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I always wanted to explore. That took me on adventures through my school's old library that was locked up and restricted, but I couldn’t resist the adrenaline rush. Sure, I got caught, but that doesn't mean I didn't go back, or even get a team along with me to cover my back. Going through the old dusty aisles between old rusty racks packed with books makes me smile, even now as I recall this. I was never fond of spending my recesses in the library, but this bound me there for at least a week.

Back then, I had no idea that my curiosity would grow with me. Years later I was on a bus to Dahab, back in 2016 before Dahab was cool. Actually, a friend insisted on this trip to the extent that he booked the bus tickets, made a WhatsApp group, and sent us a picture of the tickets telling us we're leaving in 2 days. I was actually chilling in Sokhna with the family, so it wasn’t really 2 days. We only had 4 days there, so I was determined to do everything possible during this short time.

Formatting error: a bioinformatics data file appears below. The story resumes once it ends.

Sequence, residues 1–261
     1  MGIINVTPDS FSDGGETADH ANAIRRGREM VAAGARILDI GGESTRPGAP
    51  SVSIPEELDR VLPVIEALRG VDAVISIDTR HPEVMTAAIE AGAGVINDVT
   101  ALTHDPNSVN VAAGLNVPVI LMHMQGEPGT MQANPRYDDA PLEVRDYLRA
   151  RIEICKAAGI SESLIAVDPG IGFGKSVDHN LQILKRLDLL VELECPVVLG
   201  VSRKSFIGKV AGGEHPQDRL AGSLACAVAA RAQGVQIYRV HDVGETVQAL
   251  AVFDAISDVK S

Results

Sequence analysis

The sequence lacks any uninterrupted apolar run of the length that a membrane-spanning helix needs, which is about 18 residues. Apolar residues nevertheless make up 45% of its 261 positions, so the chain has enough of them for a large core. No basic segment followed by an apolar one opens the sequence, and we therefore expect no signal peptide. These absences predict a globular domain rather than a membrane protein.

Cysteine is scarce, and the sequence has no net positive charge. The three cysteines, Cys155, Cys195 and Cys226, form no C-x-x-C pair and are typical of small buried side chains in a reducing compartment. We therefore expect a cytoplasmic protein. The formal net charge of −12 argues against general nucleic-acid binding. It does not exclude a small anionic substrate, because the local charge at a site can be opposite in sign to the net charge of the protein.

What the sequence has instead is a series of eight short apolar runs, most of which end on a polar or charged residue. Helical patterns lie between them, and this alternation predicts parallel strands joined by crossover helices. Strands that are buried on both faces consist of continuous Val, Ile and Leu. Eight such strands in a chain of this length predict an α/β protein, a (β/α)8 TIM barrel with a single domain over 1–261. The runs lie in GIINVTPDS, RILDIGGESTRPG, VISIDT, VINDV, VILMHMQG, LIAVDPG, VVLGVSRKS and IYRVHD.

As soon as we reached our camp, I told them to leave their bags, go bibi, and hop into their swimsuits so we can take off. The original plan (not put together by me, of course) was that we're having breakfast, finding a place where we can rent bikes, and spending a peaceful day on the sand at the Lagouna. After all, we had a long 14-hour bus ride where the bus started making beeping noises so we had to stop or else it was going to go up in flames in the middle of the desert road right before Sharm before the crack of dawn. Yes, that meant darkness and no reception. As we sat there on the side of the road in the middle of the night waiting for two hours for other buses to come pick us up, we watched as the coming headlights got bigger and brighter and waited to see which set was going to be the one to hit us. Little did we know this was only the beginning of our adventure… Anyway, back to our peaceful day in Dahab. The bike shop wasn’t open yet, but the tour agency was, and every poster hanging there was so mesmerizing despite the poor quality, so my sister and I drowned the man with questions and started arranging the program. Our poor friend who was the reason behind the trip stood there astonished, not believing that his peaceful, chillaxing, trying new restaurants experience was about to be shattered. But, despite the invasive changes, he tried his best to enjoy the ride.We packed our coming days with everything you can imagine before leaving the agency, including the Mt. Moses trip. We left to the Blue Hole where I met my new friends whose names I unfortunately can't remember but they were selling us their handmade string hair wraps. They couldn’t resist the fuzzy curly afro I had back then, and gave me at least 10. After snorkeling with high hopes of finding Nemo and Dori, we were introduced to our new love: Bedouin tea. After the magical cup, I was sleeping on the ground for I don't know how long, but they woke me up to leave. The rest of the day went smoothly; we met another group of friends and spent the night around Dahab, and gave the tour shop a visit to try to blend their program with ours so we could be a huge pack of 12 people. We failed to do this for the Colored Canyon and Wadi el Weshwash, so we split for the next day and luckily got the mesmerizing experience of the Three Pools. Along this adventure we got lost for at least two hours on the way to Wadi el Weshwash. It all started when we were following a group of excited teenagers who, once they stepped out of the car, were running literally everywhere – on top of rocks or behind you to start a race. They were like monkeys in the desert. The guide asked if they knew the route and suggested we follow them until he gets water and catches up with us. Apparently it should’ve taken maximum 45 minutes for us to be jumping off the cliff into the water. We ended up walking in the middle of nowhere, surrounded by mountains, running out of water and having no reception. Our journey started at 12 PM, which made us lose some of our clothes along the way and end up in our swimming suits.